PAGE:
Before you start spending your hard fought budget, let's take a look back at the true growth areas in 2009. Not only does this help confirm last year's actions, it will help solidify any plans for next year. We'll start with the core elements of the Internet -- speed, cost, and users -- and build from there. The changes here can be summed up in three words... faster, cheaper, and smarter.
Faster -- U.S. average internet speeds actually increased in 2009 according to hosting giant Akamai. In fact, over 24% of all connections in the U.S. are now over 5MB in speed. Combine this with the fact that less than 5% of all connections are less than 256kbs and you've got a faster platform to build on.
Cheaper -- It's no surprise that almost every part of the Internet felt price pressure in 2009. What was surprising was the fact that it was so widespread. Base connection costs dropped, hosting costs dropped, and even development costs dropped (based on a review of IT spending and per man-hour charges) Some of this can be attributed to the competitive market, but some can also be credited to the economies of scale that are coming about as more advanced cloud services (applications, storage, and raw computing) come online.
Smarter -- An interesting fact was revealed by Google researchers this summer; people are getting better at search. There's a marked increase in the use of complex search terms and basic query tricks, such as placing words in quotes to find exact matches. In addition, 2009 saw a 13% increase in the use of referral and shopping engines by consumers, willing to do the extra legwork to leverage comparison shopping engines.
These three factors help set the platform for rapid internet growth in 2009. Internet traffic jumped a surprising 21% in 2009 (according to Online Publishers Association's unique visitor statistics), with the biggest % increase in growth coming from social networking (Facebook, Twitter, etc). Many people have read the press and assumed social networking is the only real growth online. Quite the contrary.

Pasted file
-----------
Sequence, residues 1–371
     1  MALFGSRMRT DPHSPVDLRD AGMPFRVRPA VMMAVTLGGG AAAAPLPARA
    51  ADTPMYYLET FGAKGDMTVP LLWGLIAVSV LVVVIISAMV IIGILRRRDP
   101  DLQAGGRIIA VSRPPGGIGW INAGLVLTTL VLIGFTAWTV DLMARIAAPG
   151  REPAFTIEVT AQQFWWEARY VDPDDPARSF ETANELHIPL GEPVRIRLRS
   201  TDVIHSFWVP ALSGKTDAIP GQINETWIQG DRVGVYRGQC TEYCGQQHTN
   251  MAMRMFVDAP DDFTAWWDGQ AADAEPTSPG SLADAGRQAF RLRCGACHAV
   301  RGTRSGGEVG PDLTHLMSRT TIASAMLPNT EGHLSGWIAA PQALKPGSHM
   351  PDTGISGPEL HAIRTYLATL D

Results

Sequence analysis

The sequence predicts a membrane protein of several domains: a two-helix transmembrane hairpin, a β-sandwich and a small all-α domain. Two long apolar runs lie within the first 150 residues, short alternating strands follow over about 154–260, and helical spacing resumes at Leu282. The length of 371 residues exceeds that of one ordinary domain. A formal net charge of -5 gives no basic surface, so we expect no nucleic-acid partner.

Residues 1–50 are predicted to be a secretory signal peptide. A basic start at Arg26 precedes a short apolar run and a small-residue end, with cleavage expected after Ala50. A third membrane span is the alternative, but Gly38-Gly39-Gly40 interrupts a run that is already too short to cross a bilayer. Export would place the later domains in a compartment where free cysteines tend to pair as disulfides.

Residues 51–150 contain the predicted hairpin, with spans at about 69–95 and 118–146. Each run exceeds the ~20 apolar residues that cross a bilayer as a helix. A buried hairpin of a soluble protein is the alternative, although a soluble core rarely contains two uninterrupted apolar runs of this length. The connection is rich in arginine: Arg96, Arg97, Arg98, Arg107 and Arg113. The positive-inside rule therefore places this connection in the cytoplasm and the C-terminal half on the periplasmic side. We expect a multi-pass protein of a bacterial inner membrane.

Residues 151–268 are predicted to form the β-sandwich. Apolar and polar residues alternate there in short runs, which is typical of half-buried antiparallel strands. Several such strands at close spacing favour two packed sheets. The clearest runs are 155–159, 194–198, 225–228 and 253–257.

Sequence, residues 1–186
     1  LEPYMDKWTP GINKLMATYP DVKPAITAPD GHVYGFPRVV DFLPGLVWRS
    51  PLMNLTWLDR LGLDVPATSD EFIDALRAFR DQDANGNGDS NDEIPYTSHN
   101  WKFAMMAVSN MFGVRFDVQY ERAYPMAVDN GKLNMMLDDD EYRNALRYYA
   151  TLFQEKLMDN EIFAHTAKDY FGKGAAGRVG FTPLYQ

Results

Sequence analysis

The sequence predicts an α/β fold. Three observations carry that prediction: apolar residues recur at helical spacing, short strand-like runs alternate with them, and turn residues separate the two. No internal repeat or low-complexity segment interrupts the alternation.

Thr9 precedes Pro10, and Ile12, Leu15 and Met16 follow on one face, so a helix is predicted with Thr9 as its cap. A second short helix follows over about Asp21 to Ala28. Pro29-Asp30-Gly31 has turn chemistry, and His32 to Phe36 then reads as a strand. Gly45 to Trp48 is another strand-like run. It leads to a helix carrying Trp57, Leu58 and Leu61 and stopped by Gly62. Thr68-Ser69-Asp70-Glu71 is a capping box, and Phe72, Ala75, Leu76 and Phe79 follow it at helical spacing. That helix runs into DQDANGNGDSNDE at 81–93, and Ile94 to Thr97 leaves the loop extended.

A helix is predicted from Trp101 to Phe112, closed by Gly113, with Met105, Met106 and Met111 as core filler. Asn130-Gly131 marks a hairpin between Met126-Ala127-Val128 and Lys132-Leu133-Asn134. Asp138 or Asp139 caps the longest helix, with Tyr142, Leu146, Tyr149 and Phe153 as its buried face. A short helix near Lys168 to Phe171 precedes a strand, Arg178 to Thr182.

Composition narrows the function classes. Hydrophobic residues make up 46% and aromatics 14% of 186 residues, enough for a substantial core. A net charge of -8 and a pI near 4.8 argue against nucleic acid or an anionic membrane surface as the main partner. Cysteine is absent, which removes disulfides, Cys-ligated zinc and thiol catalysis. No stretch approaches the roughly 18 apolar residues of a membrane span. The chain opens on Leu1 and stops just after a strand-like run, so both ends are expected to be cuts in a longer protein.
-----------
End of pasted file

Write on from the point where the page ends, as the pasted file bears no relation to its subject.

Organizations definitely need to understand this social growth. However, it's critical for them to understand that this is the smallest group of users online (17%). Content users -- people that are online to find information (including product and technical information) make up 22% of users online. Commerce users -- those actually buying make up 20%. The rest are using email, instant messaging, and search engines.
You can be certain that Internet activity will continue to grow in 2010. The combination of better speed, lower cost, and a user population more open to new applications is a great combination. Some specific trends we see:
Look to a see a more rapid adoption of 'instant' help and chat on main web site. A recent British study shows 2/3 of those who use online help/chat prefer it to email or phone. Plus the overall cost of these systems is low, ranging from 250 - 500 per user.
Search Engine Turmoil